Sharing something of value is a gift our society has forgotten. We share for money or tweets. People are on “speed dial” when it comes to publicly sharing their selfies, new haircuts or their new promotions. Do we share because we really care? Or do we share because we get something in return?
As I search the internet for ideas or while doing research, I inevitably click on a site only to discover something I want is for sale.
I had a conference call with Deirdre Breakenridge, last week. http://deirdrebreakenridge.com Professor, author, public speaker, entrepreneur and CEO of Pure Performance Communication. Why would Deirdre take time to speak with me? A friend kindly answered my question, “She wants to sell you something.” I wasn’t thrilled with his answer, yet I was preparing for the sales pitch.
The conversation felt casual, natural, talking to a friend conversation. I imagined meeting her for coffee or better yet a yummy glass of wine. Deirdre freely shared ideas with me, although I was waiting for the pitch.
Continuing conversation regarding social media, websites and exchanged laughs about kids and husbands; we also shared mistakes we made along the way. I’m not implying the kids or husbands were mistakes….I’m going to leave that one alone.
As the conversation came to a close, I prepared for the sales pitch. Perfectly timed to sell something helpful, valuable, coaching, or one of her books. She threw a curveball instead, she did nothing. What a relief…and then, I thanked her for sharing her time, sharing ideas and for not trying to sell me something.
It’s not often we meet people willing to share freely, without an agenda.
Are you someone who guards the latest and greatest information unwilling to share for fear someone will profit? Do you have expert advice for someone who needs it, but only will share if they pay you for it? Keep reading, please.
There is nothing wrong with making a living and providing value, but have we completely lost the idea of sharing? I became a Certified Dreambuilder Coach, and thought I would thrive in a booming industry, while launching a second career. With enormous enthusiasm and energy I began organizing coaching options, and creating appealing pricing for clients. Except my mood changed. What happened? My new second career was dissipating, becoming a new chore. Something I loved, manifested into a commodity for a price, another rat race.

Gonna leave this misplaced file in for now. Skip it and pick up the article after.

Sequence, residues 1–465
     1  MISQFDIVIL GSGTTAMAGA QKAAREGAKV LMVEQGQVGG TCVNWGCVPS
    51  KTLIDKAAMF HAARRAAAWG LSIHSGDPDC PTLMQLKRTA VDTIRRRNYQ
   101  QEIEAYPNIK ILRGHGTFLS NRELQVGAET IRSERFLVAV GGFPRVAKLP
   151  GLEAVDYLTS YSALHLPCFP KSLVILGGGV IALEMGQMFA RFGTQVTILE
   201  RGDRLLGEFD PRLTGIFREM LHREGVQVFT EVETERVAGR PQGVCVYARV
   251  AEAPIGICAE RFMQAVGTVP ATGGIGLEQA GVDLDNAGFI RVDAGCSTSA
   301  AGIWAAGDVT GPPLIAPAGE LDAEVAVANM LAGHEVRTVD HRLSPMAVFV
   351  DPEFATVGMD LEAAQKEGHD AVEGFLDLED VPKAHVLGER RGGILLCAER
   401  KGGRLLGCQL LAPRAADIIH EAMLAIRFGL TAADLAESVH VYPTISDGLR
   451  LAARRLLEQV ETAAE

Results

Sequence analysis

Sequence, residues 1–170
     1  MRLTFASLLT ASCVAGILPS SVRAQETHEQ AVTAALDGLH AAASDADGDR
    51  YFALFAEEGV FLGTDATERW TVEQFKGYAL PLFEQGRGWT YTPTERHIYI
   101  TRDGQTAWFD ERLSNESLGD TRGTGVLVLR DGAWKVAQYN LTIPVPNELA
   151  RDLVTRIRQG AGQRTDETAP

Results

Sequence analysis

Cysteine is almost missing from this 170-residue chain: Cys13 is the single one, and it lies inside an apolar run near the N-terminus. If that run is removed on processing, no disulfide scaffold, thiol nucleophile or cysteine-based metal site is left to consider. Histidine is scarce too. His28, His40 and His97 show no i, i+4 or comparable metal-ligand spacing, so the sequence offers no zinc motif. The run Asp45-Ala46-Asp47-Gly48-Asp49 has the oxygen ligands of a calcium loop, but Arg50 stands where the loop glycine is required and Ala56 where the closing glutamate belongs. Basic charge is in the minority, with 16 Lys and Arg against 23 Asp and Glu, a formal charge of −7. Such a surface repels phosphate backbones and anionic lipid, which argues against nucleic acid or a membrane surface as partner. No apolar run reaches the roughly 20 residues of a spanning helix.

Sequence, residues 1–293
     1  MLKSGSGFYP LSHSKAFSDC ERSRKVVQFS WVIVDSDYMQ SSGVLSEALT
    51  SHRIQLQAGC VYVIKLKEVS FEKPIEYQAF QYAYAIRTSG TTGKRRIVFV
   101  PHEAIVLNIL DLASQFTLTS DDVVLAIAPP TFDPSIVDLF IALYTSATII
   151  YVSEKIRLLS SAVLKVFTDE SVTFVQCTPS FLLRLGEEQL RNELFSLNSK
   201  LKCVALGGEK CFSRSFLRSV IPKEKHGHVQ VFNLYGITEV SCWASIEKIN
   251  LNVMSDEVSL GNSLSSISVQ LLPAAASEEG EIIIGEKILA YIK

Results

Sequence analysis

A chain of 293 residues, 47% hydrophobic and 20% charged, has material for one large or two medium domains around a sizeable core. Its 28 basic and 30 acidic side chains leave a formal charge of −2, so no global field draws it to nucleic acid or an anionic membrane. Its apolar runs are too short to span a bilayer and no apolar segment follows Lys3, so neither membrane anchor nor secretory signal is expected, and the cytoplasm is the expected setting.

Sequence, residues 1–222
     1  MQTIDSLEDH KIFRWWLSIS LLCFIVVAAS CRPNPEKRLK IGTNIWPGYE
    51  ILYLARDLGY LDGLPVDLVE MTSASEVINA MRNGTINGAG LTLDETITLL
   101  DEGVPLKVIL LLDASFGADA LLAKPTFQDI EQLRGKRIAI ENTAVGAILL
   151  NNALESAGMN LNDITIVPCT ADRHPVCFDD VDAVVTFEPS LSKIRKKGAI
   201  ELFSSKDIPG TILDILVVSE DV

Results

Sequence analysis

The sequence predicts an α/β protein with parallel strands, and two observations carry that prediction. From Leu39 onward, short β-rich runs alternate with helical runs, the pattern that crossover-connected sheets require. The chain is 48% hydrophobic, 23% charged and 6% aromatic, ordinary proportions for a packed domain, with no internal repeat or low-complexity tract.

Today, I coach people who struggle with their circumstances, and help them discover a way to see the world differently, except I don’t charge a fee, I share it instead.
If you want to share something, but don’t feel you have anything to share, here are some ideas.
Share the gift of listening. Don’t offer advice unless you’re asked. Listening shows you care about them. Being quick to offer advice is what most people do, and in most cases the conversation then moves away from them and to you. Not cool, hardly sharing.
Share before you receive. And you might not receive anything at all. Instead focus on what you can provide, without expectations from others. Free yourself and share freely, you will receive in unexpected ways. Trust me on that one.
Share your words. Words are used to impact others and their attitudes. When your friends (or you) are complaining or whining, try this.
You don’t have to go to work; you get to go to work. ( My daughter is currently unemployed and would love to say that). You don’t have to prepare a presentation for a new client; you get to share your creativity and ideas with other people who want to hear them. You don’t have to go to the gym; you get to work out, improve your health, and go shopping for new jeans!
By sharing your words, you feel better about yourself and others.
Don’t share your stuff. Put your phone away, stop looking at it, stop texting, stop! Get off the social sites, the world won’t end without your comments. You cannot connect with others if your busy sharing with yourself. (I shared my phone with myself the other day and my father was slightly steamed at me, and nearly walked out. I profusely apologized and as a consequence we shared a martini).
Since coming home from prison, I have been fortunate to be introduced to people I would have never met. These people are successful, creative and caring. Another characteristic they have in common, they wholeheartedly SHARE.
How do you share?